The delivery has changed, from the piece of furniture to the transistor to satellite signals and the internet, but the intimacy of radio is as intoxicating as ever. It is a disembodied voice, speaking in your ear, taking you somewhere that you would be otherwise unable to go.
The marriage of radio and football Saturdays is nearly as old as the medium itself. If intercollegiate athletics is the front porch of a university, then the play-by-play announcer, “The Voice of the (Your Team Here),” is the guy sitting in the rocking chair, pouring iced tea and inviting you to take a chair.
Bill Roth went to work at Virginia Tech at 22 in 1988 — yes, the Reagan Administration. That was the second season in Blacksburg for head coach Frank Beamer, who may have been the only man more closely identified with Hokie football than Roth. For 27 seasons, Roth served as “The Voice of the Hokies.”
He began every broadcast by saying, “From the blue waters of the Chesapeake Bay to the hills of Tennessee, the Virginia Tech Hokies are on the air.” He ended every regular season with the cross-state rivalry against Virginia. Roth called a Cavalier game again Saturday, but it was against UCLA. Roth is the new Voice of the Bruins.
He sat in the press box of the historic Rose Bowl for the first time and called the remarkable debut of UCLA quarterback Josh Rosen, who threw for 351 yards and three touchdowns in the Bruins’ 35-17 defeat of the ‘Hoos.
It’s a safe bet that Roth is the only Pac-12 announcer who would easily slide into calling Virginia “the ‘Hoos.”
And so now the Bruins, knocking on the door. First down and goal to go for Rosen. From the left hash mark, the 18-year-old rookie, in his first game, takes the snap, flips it into the end zone. It is caught for the touchdown and the Bruins have taken the lead as Fuller scores the first touchdown of the season.
That voice intensifies the emotional connection that an alum has with his alma mater, that a resident has with his state university, that a young boy growing up in Pittsburgh has with the Pirates. That was Roth, who as a 9-year-old would watch the Pirates and do his own baseball play-by-play, cassette recorder in his lap, feet hanging over the edge of the couch, nowhere close to reaching the floor. He employed his 78-year-old babysitter as his color analyst.
“Well, Mrs. Donagan,” Roth recounted in a pre-adolescent squeak, “it looks like the Phillies are going to leave Steve Carlton in the game to pitch to Willie Stargell.”
“Um, Billy,” Mrs. Donagan replied, “would you like another Pop-Tart?”
Roth arrived at Virginia Tech a year out of the Newhouse school at Syracuse, where his buddies included Mike Tirico and Sean McDonough. And he stayed there, chronicling the rise of Hokie football from an independent to the Big East to the BCS Championship Game in the 1999 season — when Michael Vick and No. 2 Virginia Tech led No. 1 Florida State in the fourth quarter — through four ACC championships.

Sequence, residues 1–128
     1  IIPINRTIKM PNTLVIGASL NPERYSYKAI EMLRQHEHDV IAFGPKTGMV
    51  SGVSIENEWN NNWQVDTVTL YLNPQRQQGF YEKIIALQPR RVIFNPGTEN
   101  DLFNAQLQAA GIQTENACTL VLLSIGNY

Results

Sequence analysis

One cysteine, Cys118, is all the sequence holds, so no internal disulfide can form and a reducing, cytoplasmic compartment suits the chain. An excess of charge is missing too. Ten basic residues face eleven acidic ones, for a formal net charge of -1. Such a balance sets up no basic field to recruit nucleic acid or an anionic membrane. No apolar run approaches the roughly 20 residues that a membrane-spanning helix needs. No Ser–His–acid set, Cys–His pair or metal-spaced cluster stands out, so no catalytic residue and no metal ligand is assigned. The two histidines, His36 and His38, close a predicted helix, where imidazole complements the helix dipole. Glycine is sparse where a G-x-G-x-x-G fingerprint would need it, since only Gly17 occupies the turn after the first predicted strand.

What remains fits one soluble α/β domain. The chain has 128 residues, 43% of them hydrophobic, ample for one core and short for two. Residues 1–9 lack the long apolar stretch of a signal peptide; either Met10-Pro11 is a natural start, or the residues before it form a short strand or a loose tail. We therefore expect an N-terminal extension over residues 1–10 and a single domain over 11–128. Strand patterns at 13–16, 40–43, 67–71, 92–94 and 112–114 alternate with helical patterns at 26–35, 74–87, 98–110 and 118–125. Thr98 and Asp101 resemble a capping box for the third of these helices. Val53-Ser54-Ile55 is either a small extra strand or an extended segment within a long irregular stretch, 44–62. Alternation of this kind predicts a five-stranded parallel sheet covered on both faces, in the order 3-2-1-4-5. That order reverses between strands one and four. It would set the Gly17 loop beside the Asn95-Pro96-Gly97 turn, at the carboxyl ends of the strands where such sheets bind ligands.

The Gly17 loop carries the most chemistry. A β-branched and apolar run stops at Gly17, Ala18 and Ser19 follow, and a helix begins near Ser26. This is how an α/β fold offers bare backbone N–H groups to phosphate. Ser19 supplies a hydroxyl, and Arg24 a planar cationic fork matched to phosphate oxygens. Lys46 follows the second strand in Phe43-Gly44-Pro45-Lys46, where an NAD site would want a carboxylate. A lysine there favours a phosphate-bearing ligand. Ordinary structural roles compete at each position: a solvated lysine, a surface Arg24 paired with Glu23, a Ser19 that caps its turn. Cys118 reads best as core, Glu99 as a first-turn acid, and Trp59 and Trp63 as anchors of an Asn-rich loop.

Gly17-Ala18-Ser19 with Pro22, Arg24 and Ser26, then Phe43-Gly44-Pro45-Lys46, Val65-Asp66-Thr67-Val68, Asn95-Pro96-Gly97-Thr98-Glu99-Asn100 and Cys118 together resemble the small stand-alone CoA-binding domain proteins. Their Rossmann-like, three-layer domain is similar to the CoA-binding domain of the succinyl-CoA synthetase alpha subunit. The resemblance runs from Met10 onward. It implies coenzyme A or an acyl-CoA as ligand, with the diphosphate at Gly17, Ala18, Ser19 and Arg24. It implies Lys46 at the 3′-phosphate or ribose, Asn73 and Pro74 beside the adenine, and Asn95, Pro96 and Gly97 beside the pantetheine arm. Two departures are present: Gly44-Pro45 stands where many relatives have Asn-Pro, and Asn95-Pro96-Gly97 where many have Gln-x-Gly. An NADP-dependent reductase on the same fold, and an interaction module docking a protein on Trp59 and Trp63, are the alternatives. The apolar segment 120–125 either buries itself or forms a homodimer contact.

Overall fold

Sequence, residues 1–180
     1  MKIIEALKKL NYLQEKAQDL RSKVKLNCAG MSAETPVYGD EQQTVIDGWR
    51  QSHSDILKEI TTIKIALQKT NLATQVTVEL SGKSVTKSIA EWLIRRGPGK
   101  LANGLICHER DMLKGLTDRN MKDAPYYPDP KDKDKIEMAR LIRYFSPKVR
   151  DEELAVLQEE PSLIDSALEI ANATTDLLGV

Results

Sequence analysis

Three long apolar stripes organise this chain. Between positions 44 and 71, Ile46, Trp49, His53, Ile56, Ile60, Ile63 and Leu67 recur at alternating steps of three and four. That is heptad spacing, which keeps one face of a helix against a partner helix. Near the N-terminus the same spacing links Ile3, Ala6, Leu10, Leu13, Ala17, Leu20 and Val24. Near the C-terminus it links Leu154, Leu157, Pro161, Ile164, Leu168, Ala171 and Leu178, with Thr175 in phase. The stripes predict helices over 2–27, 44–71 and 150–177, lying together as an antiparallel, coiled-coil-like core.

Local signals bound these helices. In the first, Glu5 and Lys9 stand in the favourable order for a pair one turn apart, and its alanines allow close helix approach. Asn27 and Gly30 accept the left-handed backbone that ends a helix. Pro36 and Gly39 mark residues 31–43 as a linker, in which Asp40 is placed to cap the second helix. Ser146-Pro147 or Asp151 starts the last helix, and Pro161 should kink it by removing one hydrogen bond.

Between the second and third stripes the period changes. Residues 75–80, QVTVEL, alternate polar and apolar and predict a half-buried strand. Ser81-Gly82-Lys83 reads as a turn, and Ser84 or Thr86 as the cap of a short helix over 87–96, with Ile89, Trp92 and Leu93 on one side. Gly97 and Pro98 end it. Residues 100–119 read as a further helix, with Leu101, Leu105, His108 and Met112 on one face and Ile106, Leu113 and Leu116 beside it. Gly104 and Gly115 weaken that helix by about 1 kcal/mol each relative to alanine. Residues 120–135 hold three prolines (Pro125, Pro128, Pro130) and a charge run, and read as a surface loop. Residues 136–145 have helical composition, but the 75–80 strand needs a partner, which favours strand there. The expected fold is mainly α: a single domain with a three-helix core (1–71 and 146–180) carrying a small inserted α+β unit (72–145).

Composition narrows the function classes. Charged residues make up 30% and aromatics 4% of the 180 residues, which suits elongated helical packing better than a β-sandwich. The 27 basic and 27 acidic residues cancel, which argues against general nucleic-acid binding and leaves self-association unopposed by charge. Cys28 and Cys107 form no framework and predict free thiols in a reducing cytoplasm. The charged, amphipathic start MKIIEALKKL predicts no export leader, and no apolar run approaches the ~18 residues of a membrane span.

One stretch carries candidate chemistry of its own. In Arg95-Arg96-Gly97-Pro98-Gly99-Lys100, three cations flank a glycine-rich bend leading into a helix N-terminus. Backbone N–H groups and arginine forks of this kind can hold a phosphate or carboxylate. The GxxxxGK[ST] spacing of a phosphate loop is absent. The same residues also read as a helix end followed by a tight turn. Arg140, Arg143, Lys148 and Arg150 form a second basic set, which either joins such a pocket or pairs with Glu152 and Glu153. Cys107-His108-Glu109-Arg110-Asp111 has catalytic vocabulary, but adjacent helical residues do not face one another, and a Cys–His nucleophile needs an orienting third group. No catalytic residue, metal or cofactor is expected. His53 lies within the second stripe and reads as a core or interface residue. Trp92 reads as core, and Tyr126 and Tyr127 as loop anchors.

Roth won the state Sportscaster of the Year award 11 times. He has been elected to the Virginia Sports Hall of Fame. He became an institution. And then, with gut wrenched and tears emptied, he left.
“Virginia will always be home,” Roth said. “The people there are my closest friends.”
He left because most of his living relatives are in the Los Angeles area. He left because he didn’t want to wake up at age 70 and wonder about the opportunity he didn’t take.
“This is the winningest program in the history of college sports,” Roth said of UCLA. “This is the Yankees of college. It’s an unbelievable city. It’s a global market. I could have coasted to the finish in Blacksburg. I wasn’t ready.”
He no longer has to string together a network of 60 stations and tend to the care and feeding of each market. There are 180,000 Bruin alumni within the sound of his voice. UCLA games are broadcast on one station that reaches 20 million people.
That station is KLAC, home to the Bruins and the Dodgers. Roth is working on the same air as Vin Scully, the voice of the Dodgers who just announced he will remain with the team for his 67th season in 2016. Roth still has the cassette tapes he recorded of Scully’s NBC call of the 1979 World Series, when the Pirates beat the Orioles in seven games. But he doesn’t need them. He slips immediately into Scully’s musical cadence:
“HERE’s Wilver Stargell and, of course, he always makes the opposition a bit uneasy, especially in a situation like this. Game is tied in the eighth inning. McGregor rocks and throws. There’s a high drive, deep right field. Singleton at the track, at the wall, way back, it’s GONE! Pops has done it. Stargell homers. The Pirates have the lead.”
Roth, sitting in a restaurant near his new home in Marina Del Rey, snaps his fingers.
“I remember that like it was yesterday,” he said.
Bruins leading 7-6, going at warp speed. Rosen back to throw, fires, end zone, it is caught for the touchdown! TreMENdous throw by Rosen as he hooks up for the touchdown midway through the second quarter. Duarte, over the shoulder, a yard deep in the end zone and in a crowd. Spectacular catch!
The pace of Roth’s speech picks up with the pace of the play and slows down when the whistle blows. There is a musicality, a rhythm in his delivery, which is slightly nasal. His goal, he said, is to keep it conversational, as Scully still does, as Red Barber did before him. It is a one-sided conversation between announcer and listener, a bond that stretches as far as the signal. A generation ago, that signal needed a clear night and 50,000 watts of power.
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